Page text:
Sheet-Like Lignin Particles as Multifunctional Fillers in Polypropylene
journal contributionposted on 26.07.2016 by Fenggui Chen, Wanshuang Liu, Seyed Ismail Seyed Shahabadi, Jianwei Xu, Xuehong Lu
Any type of content formally published in an academic journal, usually following a peer-review process.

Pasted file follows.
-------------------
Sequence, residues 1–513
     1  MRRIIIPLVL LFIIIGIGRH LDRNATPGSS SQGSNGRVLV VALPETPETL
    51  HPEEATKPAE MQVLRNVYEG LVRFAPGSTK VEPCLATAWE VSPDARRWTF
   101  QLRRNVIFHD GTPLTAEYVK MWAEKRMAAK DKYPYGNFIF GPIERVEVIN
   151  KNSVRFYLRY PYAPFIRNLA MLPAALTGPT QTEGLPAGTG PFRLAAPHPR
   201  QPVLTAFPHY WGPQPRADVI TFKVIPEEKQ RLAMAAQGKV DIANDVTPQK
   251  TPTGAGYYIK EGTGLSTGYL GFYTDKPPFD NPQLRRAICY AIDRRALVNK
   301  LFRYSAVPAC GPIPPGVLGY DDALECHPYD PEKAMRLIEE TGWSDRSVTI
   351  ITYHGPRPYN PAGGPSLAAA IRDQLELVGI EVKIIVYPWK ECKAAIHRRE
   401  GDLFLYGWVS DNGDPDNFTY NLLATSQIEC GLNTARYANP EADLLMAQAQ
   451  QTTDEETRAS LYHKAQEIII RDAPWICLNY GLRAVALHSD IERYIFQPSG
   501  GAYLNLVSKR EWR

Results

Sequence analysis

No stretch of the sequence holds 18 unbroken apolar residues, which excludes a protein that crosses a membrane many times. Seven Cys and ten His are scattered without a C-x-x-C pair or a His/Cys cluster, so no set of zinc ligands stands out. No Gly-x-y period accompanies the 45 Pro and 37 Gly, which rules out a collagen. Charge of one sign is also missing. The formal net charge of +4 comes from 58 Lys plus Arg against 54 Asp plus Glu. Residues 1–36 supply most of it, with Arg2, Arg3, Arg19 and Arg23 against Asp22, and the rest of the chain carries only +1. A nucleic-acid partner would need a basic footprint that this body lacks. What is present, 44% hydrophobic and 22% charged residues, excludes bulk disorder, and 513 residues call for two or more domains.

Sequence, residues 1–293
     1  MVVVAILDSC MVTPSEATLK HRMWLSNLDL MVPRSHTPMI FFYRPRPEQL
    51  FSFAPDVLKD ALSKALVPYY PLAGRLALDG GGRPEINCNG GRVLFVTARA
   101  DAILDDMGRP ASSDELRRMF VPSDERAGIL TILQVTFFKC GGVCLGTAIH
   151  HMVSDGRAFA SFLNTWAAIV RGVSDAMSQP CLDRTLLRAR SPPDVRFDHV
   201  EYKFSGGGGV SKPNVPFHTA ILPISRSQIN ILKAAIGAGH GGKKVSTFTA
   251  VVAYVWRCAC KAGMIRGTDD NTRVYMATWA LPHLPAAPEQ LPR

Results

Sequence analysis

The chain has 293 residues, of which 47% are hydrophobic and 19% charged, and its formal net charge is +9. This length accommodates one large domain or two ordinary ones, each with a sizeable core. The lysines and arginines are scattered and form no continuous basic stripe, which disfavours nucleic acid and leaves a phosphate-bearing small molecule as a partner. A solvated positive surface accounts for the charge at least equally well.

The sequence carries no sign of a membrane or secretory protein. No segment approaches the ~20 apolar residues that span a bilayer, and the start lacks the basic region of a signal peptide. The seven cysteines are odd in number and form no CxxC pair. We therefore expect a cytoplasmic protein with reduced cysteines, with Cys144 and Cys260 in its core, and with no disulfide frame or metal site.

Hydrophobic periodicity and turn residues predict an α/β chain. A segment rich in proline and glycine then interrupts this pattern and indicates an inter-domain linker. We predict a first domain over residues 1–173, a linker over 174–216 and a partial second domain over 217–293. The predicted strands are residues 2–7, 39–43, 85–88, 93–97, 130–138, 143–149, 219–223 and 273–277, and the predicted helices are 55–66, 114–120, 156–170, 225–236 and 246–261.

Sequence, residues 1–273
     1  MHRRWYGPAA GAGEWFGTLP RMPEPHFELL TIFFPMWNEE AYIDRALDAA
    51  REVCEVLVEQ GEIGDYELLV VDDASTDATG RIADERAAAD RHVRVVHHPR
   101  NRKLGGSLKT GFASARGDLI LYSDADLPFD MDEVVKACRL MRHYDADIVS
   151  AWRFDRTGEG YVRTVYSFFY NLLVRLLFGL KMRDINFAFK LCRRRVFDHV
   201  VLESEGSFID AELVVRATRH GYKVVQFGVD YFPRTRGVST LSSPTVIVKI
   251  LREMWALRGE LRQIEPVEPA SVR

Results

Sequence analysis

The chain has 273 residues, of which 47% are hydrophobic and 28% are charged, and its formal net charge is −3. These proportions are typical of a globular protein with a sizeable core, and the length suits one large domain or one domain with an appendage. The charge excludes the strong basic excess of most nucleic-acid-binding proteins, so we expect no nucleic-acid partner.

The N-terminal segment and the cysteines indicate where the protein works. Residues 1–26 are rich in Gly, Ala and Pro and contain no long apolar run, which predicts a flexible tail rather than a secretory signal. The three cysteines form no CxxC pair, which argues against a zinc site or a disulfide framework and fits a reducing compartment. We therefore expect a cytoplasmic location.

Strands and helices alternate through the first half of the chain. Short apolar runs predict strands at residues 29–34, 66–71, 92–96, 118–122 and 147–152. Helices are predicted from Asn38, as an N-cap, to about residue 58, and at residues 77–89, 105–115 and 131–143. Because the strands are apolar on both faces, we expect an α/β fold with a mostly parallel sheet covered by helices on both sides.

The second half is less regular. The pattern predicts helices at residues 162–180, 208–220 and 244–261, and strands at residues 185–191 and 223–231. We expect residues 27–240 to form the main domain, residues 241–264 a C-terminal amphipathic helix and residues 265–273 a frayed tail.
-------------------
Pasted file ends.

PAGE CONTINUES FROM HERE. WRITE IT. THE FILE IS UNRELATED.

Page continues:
Lignin is an attractive renewable reinforcing agent for polyolefins and also a promising low-cost antioxidant for polymers. It, however, exhibits poor compatibility with nonpolar polymers. In this work, alkali lignin was freeze-dried to achieve sheet-like morphology and then incorporated into polypropylene (PP) by melt compounding. Owing to the significantly increased interfacial area and improved dispersion, with the addition of only 2 wt % freeze-dried lignin, the PP/lignin composites show much enhanced tensile mechanical properties, including a moderately improved Young’s modulus and almost doubled elongation at break compared with those of neat PP. The enhancements brought by the sheet-like lignin are far more impressive than those achieved with the same amount of as-received lignin. The composites with the freeze-dried lignin also have rough fractured surfaces with fiber pull-out near the interface, revealing a significant toughening effect of the lignin, which can be attributed to the crazing near the interface, and enhanced relaxation in PP-lignin interphase as evidenced by the reduced Tg. Furthermore, the large interfacial area also drastically improves the antioxidant effect of lignin, greatly slowing the UV-induced and thermo-oxidative degradation of PP. After 2 weeks of intense UV exposure, neat PP becomes very brittle with its yield strain reduced to about 37% of its original value, whereas the yield strain of the composite with 2 wt % sheet-like lignin is almost unchanged, demonstrating the excellent free-radical scavenger effect of the lignin.